Louisiana should remove incarcerated youth from Angola immediately, federal official says
A federal official who oversees juvenile justice programs told Louisiana officials that incarcerated youth should be removed from Louisiana State Penitentiary at Angola immediately. (Photo by Jarvis DeBerry)
A juvenile justice program administrator for the federal government told Louisiana officials Wednesday that incarcerated youth should be removed immediately from the campus of Louisiana State Penitentiary at Angola.
“Let me be clear on this point: Children do not belong in adult courts and certainly not in adult prisons and jails,” Liz Ryan, administrator of the U.S. Office of Juvenile Justice and Delinquency Prevention, said at the State Capitol in Baton Rouge.
“We recommend that children be immediately removed from Angola,” she said during a speech before the Louisiana Juvenile Justice Reform Act Implementation Commission.
In July, Ryan’s agency reached out to Gov. John Bel Edwards to express “grave concern” over his plan to house young people at Angola, the largest maximum security prison in the country.
“We offered the Office of Juvenile Justice direct support to help identify more appropriate placement options,” she said. “Moving youth to this maximum-security prison complex constitutes a major reversal for juvenile justice.”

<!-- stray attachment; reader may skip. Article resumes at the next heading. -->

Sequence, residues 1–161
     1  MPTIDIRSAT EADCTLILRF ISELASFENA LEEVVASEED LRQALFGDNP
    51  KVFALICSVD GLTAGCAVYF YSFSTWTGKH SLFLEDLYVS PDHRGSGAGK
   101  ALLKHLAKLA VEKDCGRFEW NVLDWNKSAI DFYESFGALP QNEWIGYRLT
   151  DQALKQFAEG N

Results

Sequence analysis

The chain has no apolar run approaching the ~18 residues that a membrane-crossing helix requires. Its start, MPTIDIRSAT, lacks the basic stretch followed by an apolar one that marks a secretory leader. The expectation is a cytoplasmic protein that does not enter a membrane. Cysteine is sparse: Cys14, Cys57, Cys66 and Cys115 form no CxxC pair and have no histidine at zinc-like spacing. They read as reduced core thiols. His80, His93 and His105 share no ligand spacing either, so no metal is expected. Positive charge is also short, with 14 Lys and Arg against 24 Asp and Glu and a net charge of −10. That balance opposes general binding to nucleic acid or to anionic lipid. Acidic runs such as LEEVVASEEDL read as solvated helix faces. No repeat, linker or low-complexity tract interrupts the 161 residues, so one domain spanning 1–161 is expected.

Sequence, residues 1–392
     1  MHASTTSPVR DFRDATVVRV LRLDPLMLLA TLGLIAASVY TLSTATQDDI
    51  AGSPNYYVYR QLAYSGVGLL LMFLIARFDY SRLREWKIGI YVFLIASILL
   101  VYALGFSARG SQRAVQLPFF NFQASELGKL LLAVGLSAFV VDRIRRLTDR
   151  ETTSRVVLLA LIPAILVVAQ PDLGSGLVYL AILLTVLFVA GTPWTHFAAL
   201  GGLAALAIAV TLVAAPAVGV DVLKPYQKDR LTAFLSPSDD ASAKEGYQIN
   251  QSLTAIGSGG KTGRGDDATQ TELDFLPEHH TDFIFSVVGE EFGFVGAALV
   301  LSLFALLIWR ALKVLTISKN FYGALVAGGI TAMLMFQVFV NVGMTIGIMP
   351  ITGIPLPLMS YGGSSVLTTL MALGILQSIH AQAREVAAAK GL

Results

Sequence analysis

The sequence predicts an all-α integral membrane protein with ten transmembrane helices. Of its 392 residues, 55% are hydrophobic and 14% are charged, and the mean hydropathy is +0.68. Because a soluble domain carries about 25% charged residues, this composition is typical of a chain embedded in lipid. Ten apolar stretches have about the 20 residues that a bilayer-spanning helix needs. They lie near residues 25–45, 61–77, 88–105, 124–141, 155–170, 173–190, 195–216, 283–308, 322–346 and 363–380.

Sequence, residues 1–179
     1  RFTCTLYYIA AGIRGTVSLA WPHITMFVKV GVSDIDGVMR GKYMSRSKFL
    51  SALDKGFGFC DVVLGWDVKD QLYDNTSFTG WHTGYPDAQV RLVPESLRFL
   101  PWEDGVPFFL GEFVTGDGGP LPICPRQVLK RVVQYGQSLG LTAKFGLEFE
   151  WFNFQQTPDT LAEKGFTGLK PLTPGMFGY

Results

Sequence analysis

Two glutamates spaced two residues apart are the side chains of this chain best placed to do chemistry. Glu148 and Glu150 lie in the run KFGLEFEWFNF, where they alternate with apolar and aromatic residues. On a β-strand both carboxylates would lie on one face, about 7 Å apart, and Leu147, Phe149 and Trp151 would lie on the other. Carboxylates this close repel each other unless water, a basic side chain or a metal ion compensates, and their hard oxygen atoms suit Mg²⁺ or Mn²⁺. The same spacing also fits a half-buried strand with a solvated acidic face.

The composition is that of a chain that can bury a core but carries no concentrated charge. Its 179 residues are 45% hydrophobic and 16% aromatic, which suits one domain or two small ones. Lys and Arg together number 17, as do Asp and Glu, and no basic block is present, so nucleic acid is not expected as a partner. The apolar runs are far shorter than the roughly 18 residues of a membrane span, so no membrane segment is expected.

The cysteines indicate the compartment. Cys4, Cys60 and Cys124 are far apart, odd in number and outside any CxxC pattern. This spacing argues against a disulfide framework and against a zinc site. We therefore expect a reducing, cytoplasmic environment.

In spite of the admonition, the Edwards administration went forward with the transfer of eight young people to a building on Angola’s campus in October. As of Wednesday, seven young people remained there, and one had been moved to another facility.
State officials have insisted that the incarcerated youth held there will be kept separate from the adult prison population. They also explained the move was necessary to maintain order in other juvenile justice facilities.
The three largest facilities for incarcerated youth in Louisiana have struggled with escapes, property destruction, riots and attacks on staff. Edwards announced the move of young people to Angola immediately following a high-profile incident in which a group of young people broke out of the Bridge City Center for Youth in Jefferson Parish, injuring staff and members of the public in the process.
“We had to make moves out of Bridge City,” said Jay Dardenne, Edwards’ top administrator, who attended Wednesday’s juvenile justice meeting.
Ryan believes relocating youth to Angola could have long-term negative consequences. Juveniles in the correctional system can be between age 11 and 21, and she said holding them at an adult prison puts them at risk for abuse.
Incarcerated youth in adult facilities are five times more likely to be sexually assaulted and 36 times more likely to commit suicide than those in juvenile facilities, Ryan said. Young people in adult prisons and jails are far more likely to be kept in solitary confinement, which leads to psychological, physical and developmental harm.
“Harsher punishment for justice-involved youth may, in fact, endanger safety,” she said.
Despite Ryan’s criticism of the Edwards administration, there’s no indication the federal government might pull funding or other punish Louisiana for moving youth to Angola. The state receives approximately $4 million for juvenile justice programming from Ryan’s agency alone.
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